Dictionary: DE-DUC'TION – DEEP'-LAID

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DE-DUC'TION, n. [L. deductio.]

  1. The act of deducting.
  2. That which is deducted; sum or amount taken from another; defalcation; abatement; as, this sum is a deduction from the yearly rent.
  3. That which is drawn from premises; fact, opinion, or hypothesis, collected from principles or facts stated, or established data; inference; consequence drawn; conclusion; as, this opinion is a fair deduction from the principles you have advanced.


Deducible; that is or may be deduced from premises. All knowledge is deductive. – Glanville.


By regular deduction; by way of inference; by consequence. – Brown.

DEED, n. [Sax. dæd; D. daad; G. that; Dan. daad; the participle of Sax. don, Goth. tauyan, G. thun, D. doen, to do; probably a contracted word.]

  1. That which is done, acted or effected; an act; a fact; a word of extensive application, including whatever is done, good or bad, great or small. And Joseph said to them, what deed is this which ye have done? – Gen. xliv. We receive the due reward of our deeds. – Luke xxv.
  2. Exploit; achievement; illustrious act. Whose deeds some nobler poem shall adorn. – Dryden.
  3. Power of action; agency. With will and deed created free. – Milton.
  4. A writing containing some contract or agreement, and the evidence of its execution; particularly, an instrument on paper or parchment, conveying real estate to a purchaser or donee. This instrument must be executed, and the execution attested, in the manner prescribed by law. Indeed, in fact; in reality. These words are united and called an adverb. But sometimes they are separated by very, in very deed; a more emphatical expression. – Ex. ix.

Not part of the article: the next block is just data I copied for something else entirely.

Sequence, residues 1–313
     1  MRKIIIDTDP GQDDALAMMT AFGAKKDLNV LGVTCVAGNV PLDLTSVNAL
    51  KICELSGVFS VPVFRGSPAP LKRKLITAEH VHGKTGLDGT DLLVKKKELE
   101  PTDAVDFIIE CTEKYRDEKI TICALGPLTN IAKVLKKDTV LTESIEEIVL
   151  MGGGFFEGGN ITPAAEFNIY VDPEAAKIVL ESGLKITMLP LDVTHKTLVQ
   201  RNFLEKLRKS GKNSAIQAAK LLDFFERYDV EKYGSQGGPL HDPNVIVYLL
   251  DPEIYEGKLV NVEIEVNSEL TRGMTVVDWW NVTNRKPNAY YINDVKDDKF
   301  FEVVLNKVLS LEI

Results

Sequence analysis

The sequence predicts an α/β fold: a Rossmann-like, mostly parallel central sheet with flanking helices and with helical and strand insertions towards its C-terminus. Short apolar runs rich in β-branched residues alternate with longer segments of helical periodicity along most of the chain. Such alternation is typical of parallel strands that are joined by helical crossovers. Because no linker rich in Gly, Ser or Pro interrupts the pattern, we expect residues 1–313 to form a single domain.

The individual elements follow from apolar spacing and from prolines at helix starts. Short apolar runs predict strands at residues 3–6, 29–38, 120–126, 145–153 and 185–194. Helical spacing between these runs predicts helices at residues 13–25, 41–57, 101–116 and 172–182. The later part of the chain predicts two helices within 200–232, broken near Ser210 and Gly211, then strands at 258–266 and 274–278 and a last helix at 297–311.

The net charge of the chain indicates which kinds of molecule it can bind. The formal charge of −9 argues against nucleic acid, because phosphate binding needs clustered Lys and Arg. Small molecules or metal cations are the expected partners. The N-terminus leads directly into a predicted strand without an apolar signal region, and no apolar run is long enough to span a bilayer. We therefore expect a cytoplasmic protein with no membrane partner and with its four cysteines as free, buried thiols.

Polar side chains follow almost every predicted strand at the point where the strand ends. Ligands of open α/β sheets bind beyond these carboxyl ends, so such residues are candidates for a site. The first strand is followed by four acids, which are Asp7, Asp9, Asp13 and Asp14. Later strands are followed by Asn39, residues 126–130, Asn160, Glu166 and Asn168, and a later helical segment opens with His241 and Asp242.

DEED, v.t.

To convey or transfer by deed; a popular use of the word in America; as, he deeded all his estate to his eldest son.


That accomplishes great deeds.


Inactive; not performing or having performed deeds or exploits. – Pope.


A deed not indented, that is, shaved or even, made by one party only. – Blackstone.

DEED'Y, a.

Industrious; active.

DEEM, n.

Opinion; judgment; surmise. [Obs.] – Shak.

DEEM, v.t. [Sax. deman; D. doemen; Sw. döma; Dan. dömmer; whence doom. Russ. dumayu, to think, reflect, reckon, believe; duma, a thought or idea, a privy council; dumnoi, a privy counselor. See Class Dm, No. 5, 36, 39, and Class Sm, No. 5.]

  1. To think; to judge; to be of opinion; to conclude on consideration; as, he deems it prudent to be silent. For never can I deem him less than god. – Dryden. The shipmen deemed that they drew near to some country. – Acts xxvii.
  2. To estimate. [Obs.] – Spenser.

DEEM'ED, pp.

Thought; judged; supposed.

DEEM'ING, ppr.

Thinking; judging; believing.

DEEM'STER, n. [deem and ster. See Steer.]

A judge in the Isle of Man and in Jersey. Johnson.

DEEP, a. [Sax. deop, dypa; D. diep; G. tief; Sw. diup; Dan. dyb. It seems to be allied to dip and dive, whose radical sense is to thrust or plunge. Qu. W. dwvyn.]